Weekend classes celebrate Valentine's Day at Birmingham Botanical Gardens

published: 02/08/2017

Weekend classes celebrate Valentine's Day at Birmingham Botanical Gardens

Sandor Katz is a fermentation revivalist that was raised in New York, but 24 years ago, he relocated to Cannon County, Tennessee, just Southeast of Nashville. He is the author of Wild Fermentation and The Art of Fermentation, and he will visit Birmingham Botanical Gardens in March to discuss and demonstrate the craft. His lecture will take place March 10 from 6-8 p.m. and can be combined with his first workshop, which takes place on March 11 from 9-noon. An advanced workshop will also be offered on March 11 from 2-5 p.m.

To reserve a seat, visit www.bbgardens.org/classes.

Why were you first drawn to fermentation?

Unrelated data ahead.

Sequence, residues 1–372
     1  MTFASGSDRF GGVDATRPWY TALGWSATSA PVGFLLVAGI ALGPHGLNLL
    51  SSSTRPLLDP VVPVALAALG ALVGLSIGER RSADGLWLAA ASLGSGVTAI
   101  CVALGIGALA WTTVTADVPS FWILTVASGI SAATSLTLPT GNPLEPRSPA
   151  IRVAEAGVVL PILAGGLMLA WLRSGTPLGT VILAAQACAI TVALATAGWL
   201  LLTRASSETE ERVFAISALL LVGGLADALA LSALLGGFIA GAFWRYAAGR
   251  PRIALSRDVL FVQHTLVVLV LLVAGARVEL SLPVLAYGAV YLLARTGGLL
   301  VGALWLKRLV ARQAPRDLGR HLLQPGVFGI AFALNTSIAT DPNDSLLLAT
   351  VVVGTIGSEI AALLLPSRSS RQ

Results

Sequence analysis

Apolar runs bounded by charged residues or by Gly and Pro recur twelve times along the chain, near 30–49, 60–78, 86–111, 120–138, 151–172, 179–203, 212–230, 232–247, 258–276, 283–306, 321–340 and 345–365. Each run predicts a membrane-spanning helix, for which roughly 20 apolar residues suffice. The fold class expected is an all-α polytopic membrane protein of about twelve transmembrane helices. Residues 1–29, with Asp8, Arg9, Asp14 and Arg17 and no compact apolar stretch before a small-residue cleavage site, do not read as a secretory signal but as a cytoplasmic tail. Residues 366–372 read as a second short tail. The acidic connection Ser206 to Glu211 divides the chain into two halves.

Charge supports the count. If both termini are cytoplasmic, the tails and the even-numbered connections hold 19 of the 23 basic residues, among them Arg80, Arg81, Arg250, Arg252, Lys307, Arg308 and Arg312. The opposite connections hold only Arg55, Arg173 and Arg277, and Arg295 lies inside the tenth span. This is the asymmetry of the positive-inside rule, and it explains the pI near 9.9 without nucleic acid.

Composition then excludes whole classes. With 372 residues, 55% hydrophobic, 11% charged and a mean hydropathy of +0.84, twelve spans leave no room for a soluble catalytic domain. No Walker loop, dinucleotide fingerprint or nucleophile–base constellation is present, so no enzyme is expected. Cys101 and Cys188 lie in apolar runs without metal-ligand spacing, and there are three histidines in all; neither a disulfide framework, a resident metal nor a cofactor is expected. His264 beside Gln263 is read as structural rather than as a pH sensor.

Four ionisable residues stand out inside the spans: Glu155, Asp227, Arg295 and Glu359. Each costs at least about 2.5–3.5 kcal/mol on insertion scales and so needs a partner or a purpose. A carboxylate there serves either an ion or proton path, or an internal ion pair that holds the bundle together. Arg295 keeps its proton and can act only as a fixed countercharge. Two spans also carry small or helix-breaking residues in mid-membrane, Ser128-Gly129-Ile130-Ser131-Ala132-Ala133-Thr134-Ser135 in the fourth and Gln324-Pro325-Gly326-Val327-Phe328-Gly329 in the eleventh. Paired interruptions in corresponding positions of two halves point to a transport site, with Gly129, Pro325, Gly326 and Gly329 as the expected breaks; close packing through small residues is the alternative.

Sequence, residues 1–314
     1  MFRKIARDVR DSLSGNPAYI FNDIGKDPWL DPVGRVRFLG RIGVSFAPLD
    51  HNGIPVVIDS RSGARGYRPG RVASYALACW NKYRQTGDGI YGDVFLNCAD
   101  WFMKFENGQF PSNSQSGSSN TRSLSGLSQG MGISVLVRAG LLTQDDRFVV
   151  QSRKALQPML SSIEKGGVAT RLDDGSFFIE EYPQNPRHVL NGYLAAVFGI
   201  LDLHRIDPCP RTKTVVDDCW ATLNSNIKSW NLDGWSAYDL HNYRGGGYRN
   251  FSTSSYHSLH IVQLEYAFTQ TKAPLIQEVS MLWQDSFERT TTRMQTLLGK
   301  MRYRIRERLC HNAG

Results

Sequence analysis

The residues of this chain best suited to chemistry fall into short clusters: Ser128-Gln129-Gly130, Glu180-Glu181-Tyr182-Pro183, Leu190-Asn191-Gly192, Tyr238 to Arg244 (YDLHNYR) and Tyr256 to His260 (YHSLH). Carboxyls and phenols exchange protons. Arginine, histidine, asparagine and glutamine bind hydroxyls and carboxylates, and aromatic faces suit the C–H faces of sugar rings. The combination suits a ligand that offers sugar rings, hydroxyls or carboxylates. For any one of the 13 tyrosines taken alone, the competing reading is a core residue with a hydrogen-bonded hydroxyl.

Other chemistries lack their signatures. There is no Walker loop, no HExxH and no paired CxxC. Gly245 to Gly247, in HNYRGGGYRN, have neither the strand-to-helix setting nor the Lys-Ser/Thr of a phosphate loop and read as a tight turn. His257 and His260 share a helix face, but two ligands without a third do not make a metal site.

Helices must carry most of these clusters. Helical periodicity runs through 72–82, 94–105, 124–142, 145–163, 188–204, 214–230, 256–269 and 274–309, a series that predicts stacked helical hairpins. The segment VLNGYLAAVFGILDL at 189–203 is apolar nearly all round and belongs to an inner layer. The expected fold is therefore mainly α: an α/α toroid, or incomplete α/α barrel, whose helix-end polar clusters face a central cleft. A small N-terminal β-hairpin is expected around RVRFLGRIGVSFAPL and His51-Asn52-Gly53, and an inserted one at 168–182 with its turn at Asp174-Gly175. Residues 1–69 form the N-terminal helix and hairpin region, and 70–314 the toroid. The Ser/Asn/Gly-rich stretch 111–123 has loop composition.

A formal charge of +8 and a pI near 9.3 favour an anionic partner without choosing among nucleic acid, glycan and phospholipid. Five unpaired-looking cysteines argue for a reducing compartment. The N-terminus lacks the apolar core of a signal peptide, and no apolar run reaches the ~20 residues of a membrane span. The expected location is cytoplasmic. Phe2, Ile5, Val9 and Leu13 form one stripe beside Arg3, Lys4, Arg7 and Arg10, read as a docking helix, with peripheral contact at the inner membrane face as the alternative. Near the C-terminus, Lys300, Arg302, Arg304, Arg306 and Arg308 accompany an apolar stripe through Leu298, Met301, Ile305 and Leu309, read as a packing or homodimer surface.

There were a few steps to my interest developing. Like almost every person in almost every part of the world, I grew up with flavors of fermentation; certain flavors of fermentation, I was always drawn to - like pickles. I grew up in New York City eating what we call sour pickles. That was just a favorite flavor of mine, but no one was talking about fermentation; I wasn't watching my grandmother do it or anything like that. For a couple of years in my mid-twenties, I was following a macrobiotic diet. One of the aspects of macrobiotics was that they placed a great deal of emphasis on the digestive benefit of pickles and other live cultured foods. I started noticing that - these pickles that I had been eating all of my life - when I would eat them or, even now when I think about them or talk about them, my salivary glands start to squirt out saliva. In a very tangible way, I started associating these foods with getting my digestive juices flowing - quite literally. But really what got me trying out fermentation and trying out fermentation was when I moved from New York City to rural Tennessee in 1993. I got involved in keeping a garden, and I was such a naive city kid that I had never thought about the idea that in a garden, you get all of your cabbages ready around the same time; you get all of your radishes ready around the same time. Suddenly, the practical aspect of these fermented vegetables was manifest for me. I learned how to make sauerkraut and I learned how to make pickles and then I started investigating other realms of fermentation. I learned how to make yogurt and how to make bread using a sourdough using leavening; playing around with wine - making some elderberry wine and some blackberry wine. Within a year, I was obsessed with all things fermented and grew to become interested in learning about fermenting processes from all over the world.